Lack of deep sleep may pave way for Alzheimer's, researchers say

January 18, 2016 by Allie Shah, Star Tribune (Minneapolis)
Credit: Vera Kratochvil/public domain

Forget about needing beauty sleep. It's your brain that may suffer the most from a lack of deep shut eye.

Brain researchers have long noticed a connection between and . More recently, the link between disrupted sleep and an of Alzheimer's disease has been documented by researchers at the University of California, Berkeley.

It's believed that sleep acts like a dustbin for the brain - cleaning out toxins, including harmful proteins tied to Alzheimer's.

Recent animal studies show sleep's cleansing process in action. But now scientists at Oregon Health & Science University are preparing to conduct a study on humans that would further explain deep sleep's effect on human brains.

Their biggest challenge: finding a minimally invasive way to study the human brain at work while the patient sleeps.

On that note, sweet dreams.

Explore further: The yin and yang of sleep and attention

56 shares

Related Stories

The yin and yang of sleep and attention

January 18, 2016
Being able to pay attention during the day relies on doing the exact opposite at night, according to University of Queensland scientists.

Poor sleep in seniors linked to hardened brain arteries

January 14, 2016
Poor sleep quality in elderly persons is associated with more severe arteriosclerosis in the brain as well as a greater burden of oxygen-starved tissue (infarcts) in the brain - both of which can contribute to the risk of ...

Sleep disturbance linked to amyloid in brain areas affected by Alzheimer's disease

December 9, 2014
Healthy, elderly research participants who report being more sleepy and less rested have higher levels of amyloid deposition in regions of the brain that are affected in Alzheimer's disease, according to a report presented ...

Alzheimer's disease: Plaques impair memory formation during sleep

October 22, 2015
Alzheimer's patients frequently suffer from sleep disorders, mostly even before they become forgetful. Furthermore, it is known that sleep plays a very important role in memory formation. Researchers from the Technical University ...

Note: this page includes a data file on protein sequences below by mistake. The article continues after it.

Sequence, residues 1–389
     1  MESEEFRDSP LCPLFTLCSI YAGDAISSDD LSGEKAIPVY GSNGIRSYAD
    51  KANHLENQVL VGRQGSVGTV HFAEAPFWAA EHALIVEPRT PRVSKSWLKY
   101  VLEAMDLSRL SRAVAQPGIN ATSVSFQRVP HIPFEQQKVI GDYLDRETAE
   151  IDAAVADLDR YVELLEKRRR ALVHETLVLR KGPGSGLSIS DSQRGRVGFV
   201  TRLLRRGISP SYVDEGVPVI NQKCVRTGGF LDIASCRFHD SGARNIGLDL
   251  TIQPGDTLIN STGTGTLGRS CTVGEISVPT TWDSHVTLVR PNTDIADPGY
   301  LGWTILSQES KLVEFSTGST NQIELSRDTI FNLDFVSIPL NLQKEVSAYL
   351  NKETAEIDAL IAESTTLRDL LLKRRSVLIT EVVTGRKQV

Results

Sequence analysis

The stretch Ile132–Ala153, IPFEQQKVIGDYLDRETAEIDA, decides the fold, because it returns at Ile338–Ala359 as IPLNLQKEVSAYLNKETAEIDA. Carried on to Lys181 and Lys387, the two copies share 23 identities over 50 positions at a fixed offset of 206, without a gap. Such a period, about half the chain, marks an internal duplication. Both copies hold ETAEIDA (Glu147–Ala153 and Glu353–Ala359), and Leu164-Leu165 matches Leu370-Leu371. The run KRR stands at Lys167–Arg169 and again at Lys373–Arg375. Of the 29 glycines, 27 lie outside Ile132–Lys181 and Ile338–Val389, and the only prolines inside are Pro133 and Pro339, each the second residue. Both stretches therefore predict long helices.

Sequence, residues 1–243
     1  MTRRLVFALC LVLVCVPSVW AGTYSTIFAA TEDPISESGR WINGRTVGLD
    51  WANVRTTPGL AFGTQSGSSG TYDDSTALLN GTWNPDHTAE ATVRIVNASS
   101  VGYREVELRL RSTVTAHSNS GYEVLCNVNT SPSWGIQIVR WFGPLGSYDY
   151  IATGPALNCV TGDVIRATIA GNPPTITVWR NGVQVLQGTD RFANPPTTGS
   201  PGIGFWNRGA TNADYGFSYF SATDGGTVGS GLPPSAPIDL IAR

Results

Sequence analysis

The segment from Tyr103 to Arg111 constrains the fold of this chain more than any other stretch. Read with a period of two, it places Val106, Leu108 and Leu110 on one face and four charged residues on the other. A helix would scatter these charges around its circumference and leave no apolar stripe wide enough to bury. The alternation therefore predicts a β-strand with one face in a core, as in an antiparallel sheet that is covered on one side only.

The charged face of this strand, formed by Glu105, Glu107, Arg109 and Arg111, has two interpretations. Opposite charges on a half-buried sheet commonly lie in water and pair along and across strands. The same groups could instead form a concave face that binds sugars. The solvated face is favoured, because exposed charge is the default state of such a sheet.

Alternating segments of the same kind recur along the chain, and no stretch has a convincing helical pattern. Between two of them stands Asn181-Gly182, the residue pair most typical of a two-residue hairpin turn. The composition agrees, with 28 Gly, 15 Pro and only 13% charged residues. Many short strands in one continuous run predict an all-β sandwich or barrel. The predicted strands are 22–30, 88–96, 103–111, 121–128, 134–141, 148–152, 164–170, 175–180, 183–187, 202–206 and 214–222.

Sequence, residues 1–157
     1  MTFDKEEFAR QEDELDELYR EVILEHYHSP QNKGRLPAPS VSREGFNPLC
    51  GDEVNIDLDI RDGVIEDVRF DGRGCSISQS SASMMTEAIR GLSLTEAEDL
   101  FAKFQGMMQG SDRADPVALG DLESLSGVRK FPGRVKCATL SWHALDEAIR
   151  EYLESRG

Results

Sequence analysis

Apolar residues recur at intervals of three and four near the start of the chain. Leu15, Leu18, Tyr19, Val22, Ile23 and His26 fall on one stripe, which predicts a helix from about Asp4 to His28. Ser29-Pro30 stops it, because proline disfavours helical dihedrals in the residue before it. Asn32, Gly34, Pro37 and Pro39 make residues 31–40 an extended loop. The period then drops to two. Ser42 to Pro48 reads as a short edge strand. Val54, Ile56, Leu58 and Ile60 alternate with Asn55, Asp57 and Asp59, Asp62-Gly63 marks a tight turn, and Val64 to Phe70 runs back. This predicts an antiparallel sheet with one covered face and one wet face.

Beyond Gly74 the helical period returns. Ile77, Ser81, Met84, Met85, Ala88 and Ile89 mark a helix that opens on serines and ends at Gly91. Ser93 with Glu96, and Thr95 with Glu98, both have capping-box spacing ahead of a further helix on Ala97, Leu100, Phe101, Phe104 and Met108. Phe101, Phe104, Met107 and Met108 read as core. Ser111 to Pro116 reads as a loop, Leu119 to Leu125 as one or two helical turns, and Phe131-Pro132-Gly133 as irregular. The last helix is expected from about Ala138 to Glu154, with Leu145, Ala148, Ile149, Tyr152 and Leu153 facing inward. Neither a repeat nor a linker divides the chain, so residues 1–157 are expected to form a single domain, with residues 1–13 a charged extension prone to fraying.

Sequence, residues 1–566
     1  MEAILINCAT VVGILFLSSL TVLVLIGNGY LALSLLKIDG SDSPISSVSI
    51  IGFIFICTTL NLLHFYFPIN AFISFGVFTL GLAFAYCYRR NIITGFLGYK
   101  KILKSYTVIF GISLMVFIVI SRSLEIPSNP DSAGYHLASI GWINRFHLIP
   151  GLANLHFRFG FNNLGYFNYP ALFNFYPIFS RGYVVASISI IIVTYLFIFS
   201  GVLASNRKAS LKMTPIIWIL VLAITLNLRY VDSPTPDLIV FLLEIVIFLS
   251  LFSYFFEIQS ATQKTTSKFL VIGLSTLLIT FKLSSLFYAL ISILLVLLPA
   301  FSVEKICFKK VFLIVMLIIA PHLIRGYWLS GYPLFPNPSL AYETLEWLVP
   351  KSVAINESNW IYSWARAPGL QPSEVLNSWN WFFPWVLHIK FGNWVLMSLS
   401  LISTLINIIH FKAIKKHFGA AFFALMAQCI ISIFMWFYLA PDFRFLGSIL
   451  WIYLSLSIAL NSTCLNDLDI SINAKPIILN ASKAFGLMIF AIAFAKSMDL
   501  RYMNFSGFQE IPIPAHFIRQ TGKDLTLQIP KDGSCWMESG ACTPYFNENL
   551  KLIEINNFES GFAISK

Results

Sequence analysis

Studies: Better sleep may be important for Alzheimer's risk

July 20, 2015
To sleep, perchance to... ward off Alzheimer's? New research suggests poor sleep may increase people's risk of Alzheimer's disease, by spurring a brain-clogging gunk that in turn further interrupts shut-eye.

Recommended for you

Pregnancy history may be tied to Alzheimer's disease

July 18, 2018
A woman's history of pregnancy may affect her risk of Alzheimer's disease decades later, according to a study published in the July 18, 2018, online issue of Neurology, the medical journal of the American Academy of Neurology. ...

Neurons can carry more than one signal at a time

July 18, 2018
Back in the early days of telecommunications, engineers devised a clever way to send multiple telephone calls through a single wire at the same time. Called time-division multiplexing, this technique rapidly switches between ...

Researchers solve mystery of how ALL enters the central nervous system

July 18, 2018
A deadly feature of acute lymphoblastic leukemia (ALL) is its invasion of the central nervous system.

Forty percent of people have a fictional first memory, says study

July 17, 2018
Researchers have conducted one of the largest surveys of people's first memories, finding that nearly 40 per cent of people had a first memory which is fictional.

Protein found to be key component in irregularly excited brain cells

July 17, 2018
In a new study in mice, researchers have identified a key protein involved in the irregular brain cell activity seen in autism spectrum disorders and epilepsy. The protein, p53, is well-known in cancer biology as a tumor ...

New drug target for remyelination in MS is identified

July 17, 2018
Remyelination, the spontaneous regeneration of the fatty insulator in the brain that keeps neurons communicating, has long been seen as crucial to the next big advance in treating multiple sclerosis (MS). However, a lack ...

0 comments

Please sign in to add a comment. Registration is free, and takes less than a minute. Read more

Click here to reset your password.
Sign in to get notified via email when new comments are made.